I shoulda kept my mouth shut, but I've never been very good at that.

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rainbowgardener
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Re: Looking to Plant Some Modern Plants

come on.... We may not like the stereotypes, but no one can argue that they don't exist. Go look in the "girls" toy aisle in a big store, where everything is pink and/or or purple and then look in the "boys" toy aisle where pink and purple don't exist. In our culture pink and purple are considered girly colors.

SummerMan was looking for landscaping with a strong, masculine effect.
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Re: Looking to Plant Some Modern Plants

OK rbg -

I understand. I actually like the look SummerMan's going for.

I think I was a little tired and cranky when I first read the post and I was hoping to learn something about 'modern' plants and was dissapointed. Sorry.

I don't like promoting stereotypes or intolerences either (altho I occasionally find myself guilty).

Regardless, pink for girls I understand, but purple? Really? Never knew or heard of that.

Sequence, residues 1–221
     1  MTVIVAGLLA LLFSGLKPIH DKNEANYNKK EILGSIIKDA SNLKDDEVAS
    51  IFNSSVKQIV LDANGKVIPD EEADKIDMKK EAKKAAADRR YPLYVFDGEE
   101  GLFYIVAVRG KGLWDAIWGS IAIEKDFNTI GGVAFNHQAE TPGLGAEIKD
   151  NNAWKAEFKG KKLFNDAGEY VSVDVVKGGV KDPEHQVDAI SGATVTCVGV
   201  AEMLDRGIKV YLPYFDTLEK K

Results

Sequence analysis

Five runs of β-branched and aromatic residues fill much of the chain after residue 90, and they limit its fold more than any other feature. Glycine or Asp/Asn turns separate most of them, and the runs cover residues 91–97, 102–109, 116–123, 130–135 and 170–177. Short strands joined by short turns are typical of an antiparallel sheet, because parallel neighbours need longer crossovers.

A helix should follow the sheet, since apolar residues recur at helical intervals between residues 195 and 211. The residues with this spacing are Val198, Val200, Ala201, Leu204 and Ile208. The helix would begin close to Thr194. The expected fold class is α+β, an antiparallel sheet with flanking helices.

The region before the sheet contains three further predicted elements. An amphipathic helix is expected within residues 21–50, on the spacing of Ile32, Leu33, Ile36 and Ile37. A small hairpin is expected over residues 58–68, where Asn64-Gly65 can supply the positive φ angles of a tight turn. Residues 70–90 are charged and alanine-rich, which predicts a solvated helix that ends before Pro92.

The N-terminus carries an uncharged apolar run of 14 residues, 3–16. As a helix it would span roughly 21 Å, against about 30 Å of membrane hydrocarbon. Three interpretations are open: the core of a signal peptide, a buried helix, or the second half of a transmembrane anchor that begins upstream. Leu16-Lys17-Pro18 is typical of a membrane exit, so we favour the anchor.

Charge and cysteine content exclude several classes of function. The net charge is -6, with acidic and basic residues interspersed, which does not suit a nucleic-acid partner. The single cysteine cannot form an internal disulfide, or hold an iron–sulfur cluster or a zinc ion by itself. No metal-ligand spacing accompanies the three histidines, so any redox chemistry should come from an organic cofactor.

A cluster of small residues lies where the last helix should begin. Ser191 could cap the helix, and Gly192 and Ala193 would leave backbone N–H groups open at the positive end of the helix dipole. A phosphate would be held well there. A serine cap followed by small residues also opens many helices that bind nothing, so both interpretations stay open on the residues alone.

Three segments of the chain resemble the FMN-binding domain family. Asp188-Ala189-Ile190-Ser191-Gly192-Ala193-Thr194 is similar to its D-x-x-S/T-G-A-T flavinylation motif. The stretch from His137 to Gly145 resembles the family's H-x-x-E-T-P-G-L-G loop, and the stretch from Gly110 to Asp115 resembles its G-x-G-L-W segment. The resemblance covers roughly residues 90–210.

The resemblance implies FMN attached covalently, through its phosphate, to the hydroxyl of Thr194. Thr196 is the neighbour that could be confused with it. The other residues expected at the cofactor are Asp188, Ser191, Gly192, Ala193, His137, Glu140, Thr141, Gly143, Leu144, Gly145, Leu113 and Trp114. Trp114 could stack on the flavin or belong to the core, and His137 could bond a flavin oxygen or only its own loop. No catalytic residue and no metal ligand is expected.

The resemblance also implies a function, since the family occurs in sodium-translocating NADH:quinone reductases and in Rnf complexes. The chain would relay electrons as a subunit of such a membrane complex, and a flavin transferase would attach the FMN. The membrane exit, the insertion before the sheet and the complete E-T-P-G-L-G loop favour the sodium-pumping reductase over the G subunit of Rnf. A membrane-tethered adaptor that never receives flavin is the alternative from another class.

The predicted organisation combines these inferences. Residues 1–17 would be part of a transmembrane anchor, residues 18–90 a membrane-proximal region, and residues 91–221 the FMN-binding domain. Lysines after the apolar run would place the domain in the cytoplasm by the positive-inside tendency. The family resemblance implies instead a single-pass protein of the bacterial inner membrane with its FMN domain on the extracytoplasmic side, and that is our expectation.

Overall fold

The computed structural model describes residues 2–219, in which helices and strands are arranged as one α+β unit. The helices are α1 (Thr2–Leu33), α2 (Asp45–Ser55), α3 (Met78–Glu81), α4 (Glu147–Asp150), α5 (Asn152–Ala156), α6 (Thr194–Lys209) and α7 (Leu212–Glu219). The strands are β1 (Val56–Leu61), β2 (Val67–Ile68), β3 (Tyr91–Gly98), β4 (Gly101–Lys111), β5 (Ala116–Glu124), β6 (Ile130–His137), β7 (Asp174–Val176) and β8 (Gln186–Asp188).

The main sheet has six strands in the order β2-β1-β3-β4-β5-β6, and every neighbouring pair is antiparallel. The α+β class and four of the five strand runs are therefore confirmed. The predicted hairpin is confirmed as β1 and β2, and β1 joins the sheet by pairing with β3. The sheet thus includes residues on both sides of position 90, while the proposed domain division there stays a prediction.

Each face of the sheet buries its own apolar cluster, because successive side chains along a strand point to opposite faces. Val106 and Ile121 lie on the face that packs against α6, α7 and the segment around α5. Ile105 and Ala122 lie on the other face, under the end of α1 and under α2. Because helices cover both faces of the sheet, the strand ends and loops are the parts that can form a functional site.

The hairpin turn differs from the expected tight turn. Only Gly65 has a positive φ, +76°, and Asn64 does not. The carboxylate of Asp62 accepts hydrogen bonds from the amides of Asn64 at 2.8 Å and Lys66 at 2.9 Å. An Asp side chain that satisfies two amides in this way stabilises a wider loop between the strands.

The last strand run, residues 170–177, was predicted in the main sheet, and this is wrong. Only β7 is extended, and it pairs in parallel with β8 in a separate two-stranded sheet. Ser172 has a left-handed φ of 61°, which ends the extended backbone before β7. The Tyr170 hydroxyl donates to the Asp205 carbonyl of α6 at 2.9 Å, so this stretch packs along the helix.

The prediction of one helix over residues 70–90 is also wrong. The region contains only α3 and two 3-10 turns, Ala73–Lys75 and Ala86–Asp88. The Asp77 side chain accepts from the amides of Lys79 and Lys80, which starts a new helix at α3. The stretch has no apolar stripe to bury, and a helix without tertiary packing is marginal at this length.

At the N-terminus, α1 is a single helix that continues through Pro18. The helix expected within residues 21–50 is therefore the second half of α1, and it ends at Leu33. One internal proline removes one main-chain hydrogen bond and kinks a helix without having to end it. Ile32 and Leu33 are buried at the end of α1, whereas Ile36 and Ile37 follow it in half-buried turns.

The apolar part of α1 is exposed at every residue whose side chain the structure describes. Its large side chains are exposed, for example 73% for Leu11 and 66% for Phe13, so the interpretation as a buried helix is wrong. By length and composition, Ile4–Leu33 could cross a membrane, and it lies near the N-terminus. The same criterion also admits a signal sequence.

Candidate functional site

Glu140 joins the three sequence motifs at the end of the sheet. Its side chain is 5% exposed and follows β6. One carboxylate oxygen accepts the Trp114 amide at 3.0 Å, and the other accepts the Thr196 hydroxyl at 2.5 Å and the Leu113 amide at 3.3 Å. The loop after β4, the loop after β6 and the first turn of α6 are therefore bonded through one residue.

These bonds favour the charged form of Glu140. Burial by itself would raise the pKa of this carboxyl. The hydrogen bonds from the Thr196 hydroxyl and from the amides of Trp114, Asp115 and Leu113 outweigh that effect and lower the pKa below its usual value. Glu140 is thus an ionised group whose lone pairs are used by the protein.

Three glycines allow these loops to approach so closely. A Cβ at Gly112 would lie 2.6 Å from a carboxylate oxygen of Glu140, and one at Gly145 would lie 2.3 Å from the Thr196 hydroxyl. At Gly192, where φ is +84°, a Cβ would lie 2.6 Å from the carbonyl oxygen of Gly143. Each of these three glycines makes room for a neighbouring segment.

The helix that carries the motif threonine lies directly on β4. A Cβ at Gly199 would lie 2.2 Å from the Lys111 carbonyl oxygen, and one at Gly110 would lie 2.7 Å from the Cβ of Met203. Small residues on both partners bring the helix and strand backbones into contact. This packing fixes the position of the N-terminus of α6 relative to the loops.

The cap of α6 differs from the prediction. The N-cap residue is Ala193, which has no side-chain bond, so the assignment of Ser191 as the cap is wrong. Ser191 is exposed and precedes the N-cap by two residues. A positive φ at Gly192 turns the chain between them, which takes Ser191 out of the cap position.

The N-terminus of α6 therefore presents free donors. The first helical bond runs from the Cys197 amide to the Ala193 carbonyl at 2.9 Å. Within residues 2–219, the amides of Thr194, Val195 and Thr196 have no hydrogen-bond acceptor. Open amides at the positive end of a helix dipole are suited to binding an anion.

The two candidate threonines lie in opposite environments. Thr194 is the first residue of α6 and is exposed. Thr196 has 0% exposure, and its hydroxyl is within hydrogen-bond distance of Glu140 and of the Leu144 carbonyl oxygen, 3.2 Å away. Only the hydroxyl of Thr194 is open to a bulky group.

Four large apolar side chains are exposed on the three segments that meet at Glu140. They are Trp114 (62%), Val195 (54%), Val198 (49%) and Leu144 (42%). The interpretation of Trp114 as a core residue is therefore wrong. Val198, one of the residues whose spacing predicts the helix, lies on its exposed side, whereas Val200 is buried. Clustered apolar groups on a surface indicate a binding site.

I've always known purple to be the sign of royalty. Isn't that why the artist formerly known as Prince is known for wearing purple garb? Did you know that purple is the color of royalty because it was so difficult to achieve (scrapping up all those little irridescent purple spots inside sea shells) Well, or so I've been told.

Anyway, peace and love.

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rainbowgardener
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Re: Looking to Plant Some Modern Plants

Well, the purple that is "girly" isn't usually royal purple. It's pastel purple like lavender or pinky-purple like fuschia or magenta, red violet, thistle, orchid....
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Re: Looking to Plant Some Modern Plants

I do think there are ways to discuss different styles without bringing in gender or age-based stereotypes. It could have been left as "I'm not personally a fan of pinks or purples." I love the look of cottage gardens and I'm 27... certainly not granny status. Often it comes down to personal taste outside of any association with age or gender. At least that's my opinion, and I do think it's something worth pointing out because that's the only way to promote change and end perpetuating stereotypes.

But back to the point...

What about mexican feather grass or fiber optic grass in the center with trailing sedums on either side? Sedums come in such a variety of textures and colors that you could have some fun with it... maybe doing a planter with a gray/blue sedum and the next planter with a lime green or red hughed sedum and then alternating (blue box, green box, blue box, green box). I think by keeping it fairly simple and flowerless the look is contemporary without being as boring as a row of grasses. Just a thought?
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Joined: Tue Jan 17, 2012 9:22 pm
Location: Shoreline wa

Re: Looking to Plant Some Modern Plants